The average sedentary fatass civvies male needs about 64 g/day of protein. An 80 kg (175 lb) soldier training heavily can use up to 136 kg/day. You don’t need to intake massive quantities of protein powders and pills, and cans of tuna very 20 minutes to reach this. The average North American diet supplies more than enough protein for athletes. By choosing a sensible amount of food from the four food groups, and eating 4 – 6 small meals a day, you can easily reach 136 g of protein. Eat a healthy diet, as outlined by Canada’s Food Guide to Healthy Eating, and you WILL get enough protein. Even a vegetarian will get enough. Anyway, during an intense strength- training program, you only require an additional 28g of protein to meet your body’s needs. The majority of the protein you require is resynthesized from protein that you break down during training.

So, you see where I’m going here? Carbohydrates are actually more important to building an athlete than protein. And, being a hard-core carnivore, that breaks my ******* heart. But, science has proven it. You only need about 10 –35% (at most) of your daily energy intake from protein. If you’re very active, you don’t need to increase your intake of protein alone, you need to increase your food intake, period. You need to eat more carbs and fat, as well as protein. As long as 10% of the food you eat in each sitting (meal or snack) is protein, you’re getting enough. And, that’s easily done by simply following the Food Guide. If you eat very little throughout the day, then you need to increase the amount of protein in each sitting to the 35% mark. But, then, you’re not going to perform as well, anyway.

It’s ridiculously easy to eat enough protein for muscle growth. Foods from all 4 groups contain protein, it’s only the amount of protein in each that varies. Meat obviously has the most, with cereals having the least. Even a snack of crackers and an apple has protein in it, even though you don’t have meat or a meat-alternative in there. Throw a tiny bit of peanut butter on the crackers, and you’ve got a high-protein, high-carbohydrate, after-workout snack.

Protein Supplements – They’re not all evil. They’re not totally a waste of money (just mostly). Some protein supplements, and many meal-replacement supplements, also contain carbohydrates, vitamins and minerals and, as such, can have a place in situations where perishable food is not an option. In this situation, choose a supplement that has a greater carbohydrate content. But, they are never supposed to replace actual, you know, FOOD!

In terms of nutrient value, food is a much more economical and nutritious choice. Supplements lack the important extras such as fiber, phytochemicals and the proper balance of vitamins and minerals that foods have. Your body was designed to extract the nutrients it needs from food, not from chemically created supplements. Too, many of these supplements provide low quality protein, too much of a single amino acid or too few essential amino acids, resulting in waste and strain on the digestive system. Ingesting protein as a single amino acid can inhibit the absorption of other essential ones as they compete for the same absorption sites in the digestive tract.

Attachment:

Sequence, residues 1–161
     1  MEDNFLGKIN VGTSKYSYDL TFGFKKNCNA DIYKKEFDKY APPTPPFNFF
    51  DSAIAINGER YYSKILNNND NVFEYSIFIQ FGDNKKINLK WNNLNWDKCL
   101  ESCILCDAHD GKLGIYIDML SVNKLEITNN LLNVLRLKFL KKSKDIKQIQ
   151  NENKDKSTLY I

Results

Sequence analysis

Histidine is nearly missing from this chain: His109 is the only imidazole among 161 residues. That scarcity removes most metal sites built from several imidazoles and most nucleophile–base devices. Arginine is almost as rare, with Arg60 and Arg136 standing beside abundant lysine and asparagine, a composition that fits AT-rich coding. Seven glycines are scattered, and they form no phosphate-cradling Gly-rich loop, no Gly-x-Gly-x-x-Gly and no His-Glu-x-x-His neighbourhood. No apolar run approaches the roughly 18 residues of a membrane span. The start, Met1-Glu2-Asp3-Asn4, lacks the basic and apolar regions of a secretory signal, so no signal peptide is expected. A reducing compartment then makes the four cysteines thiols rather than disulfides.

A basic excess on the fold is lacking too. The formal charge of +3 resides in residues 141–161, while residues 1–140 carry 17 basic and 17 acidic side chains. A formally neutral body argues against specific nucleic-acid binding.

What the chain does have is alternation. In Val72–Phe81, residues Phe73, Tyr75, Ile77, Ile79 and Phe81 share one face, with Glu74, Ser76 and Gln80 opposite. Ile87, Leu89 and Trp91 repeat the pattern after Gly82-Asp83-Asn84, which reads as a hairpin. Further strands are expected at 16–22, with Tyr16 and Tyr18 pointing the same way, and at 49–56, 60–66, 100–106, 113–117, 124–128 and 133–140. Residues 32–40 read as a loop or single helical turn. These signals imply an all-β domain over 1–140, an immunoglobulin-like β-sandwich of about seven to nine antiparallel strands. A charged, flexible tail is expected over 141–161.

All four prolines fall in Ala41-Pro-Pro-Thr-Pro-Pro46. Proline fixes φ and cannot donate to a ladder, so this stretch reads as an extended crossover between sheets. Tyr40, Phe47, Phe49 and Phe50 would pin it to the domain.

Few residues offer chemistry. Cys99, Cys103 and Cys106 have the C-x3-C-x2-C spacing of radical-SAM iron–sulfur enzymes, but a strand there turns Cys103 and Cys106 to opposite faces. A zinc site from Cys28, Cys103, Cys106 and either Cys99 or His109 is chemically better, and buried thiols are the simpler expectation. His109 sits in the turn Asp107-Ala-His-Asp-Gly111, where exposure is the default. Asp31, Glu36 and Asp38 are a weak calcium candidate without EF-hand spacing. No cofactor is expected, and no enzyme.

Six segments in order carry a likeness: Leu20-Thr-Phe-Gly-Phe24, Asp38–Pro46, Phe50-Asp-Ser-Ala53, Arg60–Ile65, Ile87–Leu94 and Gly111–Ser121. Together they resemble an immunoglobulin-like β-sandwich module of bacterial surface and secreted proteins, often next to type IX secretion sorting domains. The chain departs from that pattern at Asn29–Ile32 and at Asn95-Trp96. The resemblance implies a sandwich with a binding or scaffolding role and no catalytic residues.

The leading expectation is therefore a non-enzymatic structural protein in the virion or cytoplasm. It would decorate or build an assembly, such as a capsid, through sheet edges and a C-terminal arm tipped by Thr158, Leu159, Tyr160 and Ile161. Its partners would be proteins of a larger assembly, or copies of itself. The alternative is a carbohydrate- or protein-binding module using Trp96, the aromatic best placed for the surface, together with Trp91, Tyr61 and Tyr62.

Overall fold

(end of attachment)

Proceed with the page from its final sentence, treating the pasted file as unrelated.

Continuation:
If you want extra protein, rather than spending big bucks on protein or amino acid powders, try good old skim milk powder – it’s cheaper and contains whey as well as other proteins. Mix it into milk, puddings, soups, sauces, even meatloaf. Believe it or not, the best supplement out there is probably Carnation Instant Breakfast, with some fruit, say a banana.

Fat – Fat is not an instrument of Satan. It’s a vital part of a healthy diet. VITAL part. Okay? Fat supplies essential acids and is needed to absorb certain vitamins. It adds to flavour, adds texture, and reduces hunger since it is absorbed so slowly. Taking too much fat out of your diet will leave you hungry and unsatisfied. So you’ll turn to ice cream, or an entire cake, or live on McFatburgers. Remember, fitness is a lifestyle, and if it’s no fun, who’d want any part of it?

Most of the fat in the North American diet is added to food at the table (butter, salad dressing), during cooking or preparation (deep-frying), or during processing (potato chips, crackers, cookies). Only a very small part of the fat you eat is a natural part of your food (meat, cheese, nuts).

In the body, fat stores a large amount of energy in a small space. Fat is much more compact than glycogen. Even a very lean person stores enough energy as fat to fuel several workouts and a couple marathons, if there were no other factors involved.

Most of the time, your body uses a mixture of fat and carbohydrate as fuel for light exercise. If you are running, and can talk comfortably, you’re doing exercise that uses fat and carbs as fuel. When you kick it up a notch is when you start to use the carbs, and after it’s all over, you start to use the protein to repair stuff.